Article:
In general, you should never have to fill out your own paperwork. Your job is to review and correct, Geeta Arora, MD, writes in the Hospitalist. But you’ll still need to deal with the paperwork associated with being your own boss.
Find your own benefits
If you don’t have a permanent position in addition to your locums work, you are responsible for your own health insurance coverage. Unless you have a spouse who can add you to their plan, you’ll need to find your own health—and, if you want it, dental, disability and life—insurance. Of course, it’s not hard to find insurance, though it does take some work. Options abound, from the American Medical Association to HealthCare.gov to a local broker. You’re also responsible for your own retirement plan. For that, you should talk to your financial planner.
Paying for intermediaries
Most locum tenens doctors work through a staffing agency, and the agency takes a cut. That covers the administrative costs described above, as well as contributing to the agency’s profit.
One problem, says Blankenship, is that doctors don’t know how this breaks down. They don’t know what the hospital is offering, and the hospital doesn’t know what the doctor is being offered.
His advice: Figure out what you’re worth for each assignment, and stick to it. “Don’t let a middleman dictate the rate,“ he said.
Three steps for getting started with locum tenens
It isn’t for everyone, but the beauty of locums is that you can take it for a test drive and then decide if it’s a fit.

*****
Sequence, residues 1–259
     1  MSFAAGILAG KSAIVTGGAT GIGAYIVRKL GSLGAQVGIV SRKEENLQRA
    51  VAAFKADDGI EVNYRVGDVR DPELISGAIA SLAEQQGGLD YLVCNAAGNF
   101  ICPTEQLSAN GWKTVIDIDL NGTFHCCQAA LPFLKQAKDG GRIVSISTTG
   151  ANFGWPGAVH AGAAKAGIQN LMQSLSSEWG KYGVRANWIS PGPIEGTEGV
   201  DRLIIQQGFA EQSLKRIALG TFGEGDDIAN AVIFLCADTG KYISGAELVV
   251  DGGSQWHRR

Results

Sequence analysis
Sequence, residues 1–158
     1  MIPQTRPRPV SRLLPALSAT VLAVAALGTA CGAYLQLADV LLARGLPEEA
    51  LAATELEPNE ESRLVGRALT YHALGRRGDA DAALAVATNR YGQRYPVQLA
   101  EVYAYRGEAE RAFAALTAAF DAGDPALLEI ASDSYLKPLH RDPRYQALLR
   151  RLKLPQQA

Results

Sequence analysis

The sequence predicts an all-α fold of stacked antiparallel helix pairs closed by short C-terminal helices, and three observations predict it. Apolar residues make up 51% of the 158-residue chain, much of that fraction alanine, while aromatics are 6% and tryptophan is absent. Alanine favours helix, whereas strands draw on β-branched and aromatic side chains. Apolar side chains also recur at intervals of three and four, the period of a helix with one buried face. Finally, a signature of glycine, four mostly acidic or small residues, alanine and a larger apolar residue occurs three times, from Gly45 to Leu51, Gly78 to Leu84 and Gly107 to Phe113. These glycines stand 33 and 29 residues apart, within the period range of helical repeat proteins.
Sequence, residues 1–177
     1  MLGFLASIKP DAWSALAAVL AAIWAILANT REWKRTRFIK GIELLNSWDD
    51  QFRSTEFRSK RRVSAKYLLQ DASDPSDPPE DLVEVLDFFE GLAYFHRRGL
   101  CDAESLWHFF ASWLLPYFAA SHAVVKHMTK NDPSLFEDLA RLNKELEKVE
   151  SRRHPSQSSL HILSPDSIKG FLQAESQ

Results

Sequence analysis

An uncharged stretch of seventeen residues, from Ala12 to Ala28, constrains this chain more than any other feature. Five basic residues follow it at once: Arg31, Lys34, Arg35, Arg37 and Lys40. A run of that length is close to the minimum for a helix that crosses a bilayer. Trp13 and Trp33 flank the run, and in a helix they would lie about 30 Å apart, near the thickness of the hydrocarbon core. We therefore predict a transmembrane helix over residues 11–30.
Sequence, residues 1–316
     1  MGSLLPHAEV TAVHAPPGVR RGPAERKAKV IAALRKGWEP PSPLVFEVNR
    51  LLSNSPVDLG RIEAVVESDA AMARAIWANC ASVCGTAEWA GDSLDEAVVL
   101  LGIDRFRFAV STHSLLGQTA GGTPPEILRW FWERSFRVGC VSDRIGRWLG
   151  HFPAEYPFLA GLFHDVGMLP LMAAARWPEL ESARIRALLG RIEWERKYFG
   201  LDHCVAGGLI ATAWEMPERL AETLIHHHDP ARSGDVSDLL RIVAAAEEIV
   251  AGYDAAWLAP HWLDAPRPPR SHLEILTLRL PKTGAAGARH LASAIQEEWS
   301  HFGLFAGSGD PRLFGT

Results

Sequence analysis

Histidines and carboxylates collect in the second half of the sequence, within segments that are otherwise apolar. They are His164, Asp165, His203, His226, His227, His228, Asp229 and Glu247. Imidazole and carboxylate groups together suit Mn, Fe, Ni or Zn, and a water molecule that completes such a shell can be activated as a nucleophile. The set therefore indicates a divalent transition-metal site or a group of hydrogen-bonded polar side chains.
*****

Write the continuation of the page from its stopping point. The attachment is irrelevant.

That’s true whether you come to it later in your career or start right out of your residency, as Dr. Johnny Shen discussed doing on Locumstory. This is an excellent opportunity to try out various work settings and locations. If locums isn’t for you, you’ll leave with better insights into where you do want to spend your career. Here are three tips for getting started.
1. Make some decisions
Whether you are fresh out of residency, mid-career or looking for a glide path into retirement, decide what you want from locums work. Do you want to supplement your income? Do you want to work part-time? Or do you plan to freelance full-time? How far and how often are you willing to travel? An honest self-assessment up front will allow you to take full advantage of locums opportunities.
2. Choose wisely
If you decide to use an agency—and most first-timers do—choose one that you feel comfortable with. Be sure to select one that’s willing to answer all your questions. And bigger isn’t necessarily better: Arora warns against “factory mill” companies, where overhead is higher and each recruiter has more physicians, making the experience less personalized and more prone to mistakes. Consider also looking into online platforms like Lucidity, which EMN compares to Uber, saying that it’s designed to bypass “the inefficient and expensive legacy locum tenens agencies.”
3. Ask around
Everyone’s experience will vary but hearing from friends and colleagues abot their experiences with locum tenens will give you a better idea of the reality. Many physicians who have gone the locum tenens route are eager to spread the word, as Dr. Edward Leap’s locums-focused column in EMN attests.
If you’ve considered the disadvantages and decided that this is still the best career path for you, you’re ready to enter the world of freelancing.